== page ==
“As he gets more and more comfortable, we get more and more comfortable with him and certain personnel groupings when we get him in there,” Monken said last week. “He’s certainly going to only continue to get better with reps, especially … in terms of the pass protections, some of the detail things. Handing the ball off to him is probably the least of that.”

The challenge for the Ravens is optimizing running back Gus Edwards’ skill set as effectively. Over a relatively small 10-carry sample size this season, Edwards has just 11 yards (1.1 per carry) against light boxes in 11 personnel. His rushing average is actually higher (3 yards per carry) against heavier boxes.

Isaiah Likely in space

Tight ends Isaiah Likely and Mark Andrews are “a little bit different,” coach John Harbaugh said last week. With Andrews sidelined, so is the Ravens’ offense.

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Andrews has always been more of a vertical threat. Over the past two seasons, his average depth of target is 9.2 yards, according to the NFL’s Next Gen Stats, one of the highest rates for a tight end in the NFL. Few receivers have been more productive on the deep crosses that Andrews has run over and over again during his six years in Baltimore.

Likely, meanwhile, is more elusive, more creative in space, more of an east-west runner than north-south. In the Ravens’ first game without Andrews, their 20-10 win over the Chargers, Likely was targeted six times. (A seventh target was negated by a penalty.) He got more looks on passes behind the line of scrimmage (two) than he did on passes thrown at least 3 yards downfield (one).

Chip-and-release plays that created another layer of pass protection for Jackson and more space underneath for Likely were especially effective. His disallowed 14-yard catch came after he blocked defensive end Tuli Tuipulotu and then ran a shallow cross. An 18-yard catch-and-run came on a screen where Likely briefly stayed in to block defensive end Khalil Mack. He had a 7-yard catch on another delayed release into the flat.

“He probably has a little more twitch” than Andrews, Monken said of Likely last week. “He probably has a little bit, as he develops as a player, to break tackles. He can get to an edge a little bit more than Mark. … As he keeps developing his craft and his depths [on his routes] and setting up defenders, he’s going to be hard to handle. It’s just a matter of time.”

Likely’s ability in space also creates conflicts in the run game. In the win over the Chargers, running back Justice Hill rushed for 18 yards on a split-zone concept, in which a blocker motions across the line of scrimmage at the snap, against the flow of the zone-blocking scheme, forcing the back-side edge defender to respect the possibility of a play-action pass or quarterback keeper. Likely’s movement and Jackson’s run fake froze Mack long enough to open a sizable cut-back hole for Hill.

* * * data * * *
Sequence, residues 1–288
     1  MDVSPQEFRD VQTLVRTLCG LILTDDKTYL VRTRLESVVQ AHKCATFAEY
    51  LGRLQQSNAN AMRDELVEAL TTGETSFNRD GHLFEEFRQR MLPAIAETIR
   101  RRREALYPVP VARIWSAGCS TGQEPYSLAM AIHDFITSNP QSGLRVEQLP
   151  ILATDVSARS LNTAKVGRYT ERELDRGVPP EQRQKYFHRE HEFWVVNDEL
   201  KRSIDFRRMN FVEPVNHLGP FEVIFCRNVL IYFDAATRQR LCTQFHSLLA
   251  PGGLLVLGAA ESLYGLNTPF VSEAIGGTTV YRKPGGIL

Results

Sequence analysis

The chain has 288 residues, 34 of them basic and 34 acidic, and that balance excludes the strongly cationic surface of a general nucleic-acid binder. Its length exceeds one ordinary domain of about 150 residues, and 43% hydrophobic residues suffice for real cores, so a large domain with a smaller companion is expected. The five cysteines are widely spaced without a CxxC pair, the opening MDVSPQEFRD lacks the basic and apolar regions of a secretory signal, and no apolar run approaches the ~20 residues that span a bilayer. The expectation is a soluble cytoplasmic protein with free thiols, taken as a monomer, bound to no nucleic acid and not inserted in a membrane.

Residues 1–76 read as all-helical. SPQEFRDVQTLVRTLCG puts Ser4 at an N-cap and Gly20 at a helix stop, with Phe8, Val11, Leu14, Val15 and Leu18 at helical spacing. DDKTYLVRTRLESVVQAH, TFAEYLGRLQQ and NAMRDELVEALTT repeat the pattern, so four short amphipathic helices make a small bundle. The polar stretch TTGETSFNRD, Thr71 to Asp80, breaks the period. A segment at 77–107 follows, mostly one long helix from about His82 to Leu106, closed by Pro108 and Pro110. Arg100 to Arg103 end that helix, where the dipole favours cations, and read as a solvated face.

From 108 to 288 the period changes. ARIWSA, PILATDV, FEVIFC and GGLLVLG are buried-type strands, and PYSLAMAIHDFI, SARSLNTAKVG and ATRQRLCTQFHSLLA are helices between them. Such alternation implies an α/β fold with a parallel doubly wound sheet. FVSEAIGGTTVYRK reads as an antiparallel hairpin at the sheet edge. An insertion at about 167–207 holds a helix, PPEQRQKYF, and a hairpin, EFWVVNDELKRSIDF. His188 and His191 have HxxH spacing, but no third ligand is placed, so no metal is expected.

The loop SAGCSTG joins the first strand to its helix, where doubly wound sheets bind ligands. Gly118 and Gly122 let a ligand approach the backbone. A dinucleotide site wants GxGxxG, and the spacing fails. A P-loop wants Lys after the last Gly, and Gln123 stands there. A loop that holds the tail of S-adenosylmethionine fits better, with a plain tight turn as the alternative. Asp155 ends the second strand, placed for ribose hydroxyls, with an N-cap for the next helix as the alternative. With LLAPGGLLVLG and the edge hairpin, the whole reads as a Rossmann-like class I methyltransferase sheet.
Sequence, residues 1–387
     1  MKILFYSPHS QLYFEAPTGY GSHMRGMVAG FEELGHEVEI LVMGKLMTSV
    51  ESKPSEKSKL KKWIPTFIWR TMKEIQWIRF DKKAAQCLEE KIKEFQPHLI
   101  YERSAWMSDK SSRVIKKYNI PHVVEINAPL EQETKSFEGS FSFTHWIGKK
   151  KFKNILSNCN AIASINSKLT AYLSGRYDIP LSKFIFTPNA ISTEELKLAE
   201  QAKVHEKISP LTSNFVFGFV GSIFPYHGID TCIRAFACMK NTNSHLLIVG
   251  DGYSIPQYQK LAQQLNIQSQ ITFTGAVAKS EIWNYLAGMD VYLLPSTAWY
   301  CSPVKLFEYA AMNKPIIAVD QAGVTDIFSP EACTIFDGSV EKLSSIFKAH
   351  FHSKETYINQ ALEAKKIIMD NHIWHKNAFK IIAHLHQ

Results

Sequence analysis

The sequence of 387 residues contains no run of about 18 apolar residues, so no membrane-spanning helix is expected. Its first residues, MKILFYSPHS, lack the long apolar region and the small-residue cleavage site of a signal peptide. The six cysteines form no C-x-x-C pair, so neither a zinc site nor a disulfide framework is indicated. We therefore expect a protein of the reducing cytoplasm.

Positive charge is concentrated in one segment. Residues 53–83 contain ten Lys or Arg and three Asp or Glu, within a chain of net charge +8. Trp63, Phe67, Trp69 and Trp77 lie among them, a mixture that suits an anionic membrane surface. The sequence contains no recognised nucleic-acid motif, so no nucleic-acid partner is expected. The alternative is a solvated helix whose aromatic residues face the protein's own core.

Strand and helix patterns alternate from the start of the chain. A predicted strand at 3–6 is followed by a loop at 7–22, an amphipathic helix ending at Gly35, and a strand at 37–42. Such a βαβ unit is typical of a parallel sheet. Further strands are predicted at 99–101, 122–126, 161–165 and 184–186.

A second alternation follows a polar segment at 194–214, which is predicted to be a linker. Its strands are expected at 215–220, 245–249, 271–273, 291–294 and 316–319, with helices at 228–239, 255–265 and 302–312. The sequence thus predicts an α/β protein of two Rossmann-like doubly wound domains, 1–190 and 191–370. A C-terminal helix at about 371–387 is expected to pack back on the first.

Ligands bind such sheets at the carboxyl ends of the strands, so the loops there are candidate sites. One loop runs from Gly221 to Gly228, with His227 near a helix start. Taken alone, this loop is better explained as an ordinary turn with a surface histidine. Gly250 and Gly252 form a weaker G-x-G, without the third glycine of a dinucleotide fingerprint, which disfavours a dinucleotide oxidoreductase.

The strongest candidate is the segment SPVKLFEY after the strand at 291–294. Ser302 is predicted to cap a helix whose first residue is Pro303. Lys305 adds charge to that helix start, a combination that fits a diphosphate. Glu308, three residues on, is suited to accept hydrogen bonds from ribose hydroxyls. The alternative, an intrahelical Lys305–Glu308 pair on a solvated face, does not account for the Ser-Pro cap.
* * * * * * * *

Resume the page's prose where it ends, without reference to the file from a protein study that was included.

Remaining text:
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The Ravens have largely featured fullback Patrick Ricard on split-zone concepts this season. With Likely in his place, the Ravens sacrifice some blocking ability for more optionality.

“I just know that we’re lucky to have Isaiah, and he did a good job the other night,” Monken said last week. “He’s going to continue to grow as a player. We’ve just got to continue to figure out how we’re going to use the other pieces that we do have.”

Run-pass options

Jackson has attempted 30 passes this season on run-pass options, plays in which a pass option is built into a running concept, allowing the quarterback to read and react to the defense’s alignment. That’s already three more RPOs than Jackson’s previous career high, according to Sports Info Solutions, which he set in 2021. His production so far has been modest: 22-for-30 for 99 yards, with two sacks taken. His 43.8% success rate would be a career low.

But over the Ravens’ past two games, there have been flashes of potential. Jackson has been especially dangerous when he’s thrown into cornerback blitzes. On one such play in Week 11, Andrews was wide open for a 9-yard catch-and-run in the red zone, only to hurt his ankle on Cincinnati Bengals inside linebacker Logan Wilson’s hip-drop tackle.

Jackson’s next RPO pass produced another short-lived highlight. In the second quarter, another Bengals cornerback blitzed Jackson, leaving Flowers with a two-on-one advantage out wide. Flowers caught Jackson’s pass in the flat and weaved his way to a 68-yard touchdown, only to have the play called back because of a questionable holding call on wide receiver Odell Beckham Jr.

A week later, against the Chargers, Jackson went 3-for-5 for 15 yards on RPOs, but the offense was unfortunate to not finish with better numbers. Jackson threw just behind Beckham on one incompletion, had another screen to Flowers blown up before the pass even reached the rookie, and perhaps erred in his decision to pull the ball and find Flowers on a play that lost 5 yards.

There will be plenty more RPOs in the coming weeks. The Ravens’ running game puts opponents in a bind; defenses can cover only so much ground. If there are opportunities for easy completions off run fakes or against heavy boxes, Monken has empowered Jackson to seek them out.

Jonas Shaffer is a Ravens beat writer for The Baltimore Banner. He previously covered the Ravens for The Baltimore Sun. Shaffer graduated from the University of Maryland and grew up in Silver Spring.